Responsibility vs return

So, because ethical funds are restrictive in nature, do investors have to be realistic about expected returns and understand there is usually a trade-off for sticking to a moral stance? To some degree yes, as Philip Radford explains: “Generally speaking, if you wish to achieve a "greater good" with your money, the reality is that clearly you have to give up some performance.”

The general rule of thumb is that stricter funds are prone to suffer more, while those that are more liberal in where they can invest typically fare better. As Radford points out: “Those funds that have investment criteria excluding large parts of the market will almost certainly be more volatile and higher risk, although a really good manager can overcome these innate attributes and provide good consistent performance.”

His views are echoed by Miller, who points out the success of an ethical fund like many others depends on the stock-picking skills of the manager. After all, it"s not just ethical funds that are restrictive - technology funds, Asia Pacific funds, smaller companies funds and gold funds are, by their definition, limited in where they can invest, though this doesn"t stop people investing in them and making money. You could even argue that exclusions on ethical grounds could actually be an advantage if it means you avoid companies constantly embroiled in lawsuits or in industries that are vulnerable to the introduction of new, environmentally cleaner technology.

For some ethical funds, there would appear to be little trade-off between investment restrictions and the returns they are able to generate. For instance, the Premier Ethical fund is currently ranked 10th over one year in a hugely competitive UK All Companies sector of 264 funds - most of which have no ethical exclusions. Similarly the Standard Life UK Ethical is ranked 33rd over three years in the same sector - so ethical funds, if managed well, can more than hold their own.

As Andrew Mason, SRI Analyst at Standard Life Investments points out, ethical funds can offer good returns and still provide well-diversified investment. “The Standard Life UK Ethical fund has 51 per cent exposure to the FTSE All Share Index after we have applied our ethical screening. So there is still a big universe of stocks to choose from across a well-diversified number of sectors.”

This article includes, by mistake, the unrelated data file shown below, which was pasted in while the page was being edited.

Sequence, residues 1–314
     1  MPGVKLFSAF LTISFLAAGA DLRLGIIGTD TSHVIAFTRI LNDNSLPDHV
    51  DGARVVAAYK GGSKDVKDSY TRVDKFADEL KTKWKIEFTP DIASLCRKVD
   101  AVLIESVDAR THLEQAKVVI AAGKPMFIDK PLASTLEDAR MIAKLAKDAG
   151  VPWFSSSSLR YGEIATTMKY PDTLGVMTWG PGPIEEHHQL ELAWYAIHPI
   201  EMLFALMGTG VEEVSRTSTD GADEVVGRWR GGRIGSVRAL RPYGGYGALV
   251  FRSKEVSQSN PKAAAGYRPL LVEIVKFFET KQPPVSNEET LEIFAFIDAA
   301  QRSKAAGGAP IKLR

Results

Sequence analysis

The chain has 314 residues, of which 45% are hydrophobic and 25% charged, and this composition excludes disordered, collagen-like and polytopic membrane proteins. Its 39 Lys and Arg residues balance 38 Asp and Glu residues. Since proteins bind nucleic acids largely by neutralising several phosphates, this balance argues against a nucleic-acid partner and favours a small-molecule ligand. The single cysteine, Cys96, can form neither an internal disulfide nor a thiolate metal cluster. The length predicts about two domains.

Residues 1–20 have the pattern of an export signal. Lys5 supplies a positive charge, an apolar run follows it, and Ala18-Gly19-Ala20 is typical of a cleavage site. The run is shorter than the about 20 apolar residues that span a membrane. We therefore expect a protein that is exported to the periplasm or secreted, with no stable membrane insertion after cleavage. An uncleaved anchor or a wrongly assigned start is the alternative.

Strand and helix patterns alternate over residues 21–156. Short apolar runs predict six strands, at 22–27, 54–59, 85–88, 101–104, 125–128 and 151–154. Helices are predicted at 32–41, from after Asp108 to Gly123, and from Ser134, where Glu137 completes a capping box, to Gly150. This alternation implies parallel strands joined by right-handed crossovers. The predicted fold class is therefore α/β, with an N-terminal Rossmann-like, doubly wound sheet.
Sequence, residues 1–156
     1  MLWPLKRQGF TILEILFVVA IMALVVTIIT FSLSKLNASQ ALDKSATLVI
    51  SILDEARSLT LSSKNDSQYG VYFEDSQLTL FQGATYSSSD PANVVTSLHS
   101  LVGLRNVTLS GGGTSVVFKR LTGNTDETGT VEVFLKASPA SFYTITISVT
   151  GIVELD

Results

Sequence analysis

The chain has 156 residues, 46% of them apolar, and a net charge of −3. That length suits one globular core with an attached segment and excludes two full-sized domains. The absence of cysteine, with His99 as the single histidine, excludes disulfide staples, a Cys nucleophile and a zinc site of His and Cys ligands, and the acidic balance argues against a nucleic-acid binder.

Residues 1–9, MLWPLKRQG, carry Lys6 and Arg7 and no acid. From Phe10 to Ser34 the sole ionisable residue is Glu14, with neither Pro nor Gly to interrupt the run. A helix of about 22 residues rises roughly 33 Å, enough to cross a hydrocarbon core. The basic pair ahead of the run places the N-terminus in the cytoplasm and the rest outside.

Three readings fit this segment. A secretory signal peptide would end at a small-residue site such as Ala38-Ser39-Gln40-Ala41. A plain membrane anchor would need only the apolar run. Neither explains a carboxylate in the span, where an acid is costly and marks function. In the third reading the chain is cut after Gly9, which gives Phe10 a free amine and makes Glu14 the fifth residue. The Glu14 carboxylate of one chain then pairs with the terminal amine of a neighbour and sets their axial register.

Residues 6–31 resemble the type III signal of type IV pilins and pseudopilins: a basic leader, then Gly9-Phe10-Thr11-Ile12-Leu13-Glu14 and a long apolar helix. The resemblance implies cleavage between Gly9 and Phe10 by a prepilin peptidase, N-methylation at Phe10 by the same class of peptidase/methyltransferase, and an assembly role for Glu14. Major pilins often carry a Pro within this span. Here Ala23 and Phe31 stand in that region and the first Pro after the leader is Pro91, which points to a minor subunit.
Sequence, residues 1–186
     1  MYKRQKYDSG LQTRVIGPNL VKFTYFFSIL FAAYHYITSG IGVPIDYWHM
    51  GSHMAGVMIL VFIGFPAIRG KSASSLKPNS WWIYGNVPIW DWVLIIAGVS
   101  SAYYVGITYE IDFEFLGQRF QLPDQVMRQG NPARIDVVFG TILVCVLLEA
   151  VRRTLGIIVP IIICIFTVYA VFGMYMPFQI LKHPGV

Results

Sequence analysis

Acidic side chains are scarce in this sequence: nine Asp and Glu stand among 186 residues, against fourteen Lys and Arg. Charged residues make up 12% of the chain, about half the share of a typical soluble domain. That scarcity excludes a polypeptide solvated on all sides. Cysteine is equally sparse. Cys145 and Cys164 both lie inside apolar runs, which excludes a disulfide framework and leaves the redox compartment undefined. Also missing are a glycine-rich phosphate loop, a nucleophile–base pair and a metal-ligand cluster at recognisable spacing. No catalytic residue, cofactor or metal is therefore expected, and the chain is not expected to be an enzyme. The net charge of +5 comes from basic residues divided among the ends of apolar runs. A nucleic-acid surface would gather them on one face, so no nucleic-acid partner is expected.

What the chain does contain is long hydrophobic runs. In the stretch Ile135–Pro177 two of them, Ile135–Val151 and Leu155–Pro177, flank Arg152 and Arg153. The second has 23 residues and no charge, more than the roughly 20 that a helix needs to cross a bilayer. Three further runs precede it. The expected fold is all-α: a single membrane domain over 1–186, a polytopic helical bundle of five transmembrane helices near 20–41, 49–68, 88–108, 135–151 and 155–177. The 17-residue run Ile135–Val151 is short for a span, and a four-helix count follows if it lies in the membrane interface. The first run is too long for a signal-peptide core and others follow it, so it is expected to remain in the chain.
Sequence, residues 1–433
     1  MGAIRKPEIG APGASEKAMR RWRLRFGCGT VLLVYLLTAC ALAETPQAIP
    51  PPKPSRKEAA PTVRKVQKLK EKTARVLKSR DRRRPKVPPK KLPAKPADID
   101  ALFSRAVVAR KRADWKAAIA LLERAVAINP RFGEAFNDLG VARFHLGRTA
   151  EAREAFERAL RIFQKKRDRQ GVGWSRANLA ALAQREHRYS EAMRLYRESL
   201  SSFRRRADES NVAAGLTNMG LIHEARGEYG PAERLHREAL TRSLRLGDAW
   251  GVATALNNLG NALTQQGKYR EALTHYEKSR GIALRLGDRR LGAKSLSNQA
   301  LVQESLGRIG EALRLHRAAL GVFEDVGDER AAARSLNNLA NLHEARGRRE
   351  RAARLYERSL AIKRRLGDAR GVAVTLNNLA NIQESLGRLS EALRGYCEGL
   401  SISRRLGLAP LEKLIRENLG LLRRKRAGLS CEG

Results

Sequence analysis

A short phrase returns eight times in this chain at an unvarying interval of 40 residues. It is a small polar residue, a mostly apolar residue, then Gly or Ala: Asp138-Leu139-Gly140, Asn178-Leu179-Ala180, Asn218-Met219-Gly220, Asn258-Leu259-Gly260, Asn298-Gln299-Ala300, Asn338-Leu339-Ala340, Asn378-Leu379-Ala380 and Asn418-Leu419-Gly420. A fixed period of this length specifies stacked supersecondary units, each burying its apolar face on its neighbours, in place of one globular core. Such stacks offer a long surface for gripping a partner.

And as Mason is quick to state, responsible investing is as much about engagement as it is about simply screening out sectors. “Collaborative engagement is important. We regularly meet the companies in which we invest, focusing on environmental and social issues. It"s more than us just asking 50 questions and ticking boxes, we want to see the outcomes from their actions.”

As a significant investor in a company, an ethical fund manager is in a position to challenge senior management and exert a positive influence on policy. By working with companies, and in some cases regulators and politicians, they can also help develop best practice standards and improve corporate responsibility.

Mason stresses that by working with companies in this way, operations often improve, which is of benefit to both the corporates themselves and to those who have invested in the fund. Companies that pay consideration to social and environmental issues are often better managed, less liable to litigation and more profitable than those that don"t.  

Mind your language

The language used by ethical fund providers is often conflicting and confusing. For example, what do "responsible", "ethical", "social impact", "sustainable", "thematic" and "impact investing" actually mean? How do these descriptions tell a prospective investor what they may achieve or what kind of investment risk and volatility they may expect?

Stephen Hine, Head of Responsible Investment Development at EIRIS, agrees that the labels used on funds are often confusing. He also points out that there"s often a crossover in the investment process - with some ethical funds combining strict sector exclusions with company engagement, while various SRI funds include an element of ethical screening alongside their strategy of improving the practices of the companies they invest in.

EIRIS has produced an online guide showing all ethical funds and their exclusion criteria at Having this information at hand is extremely useful for background, but Hine stresses that ethical investors should resist the temptation to go it alone and instead be guided by experts who are able to look more closely under the bonnet of a fund.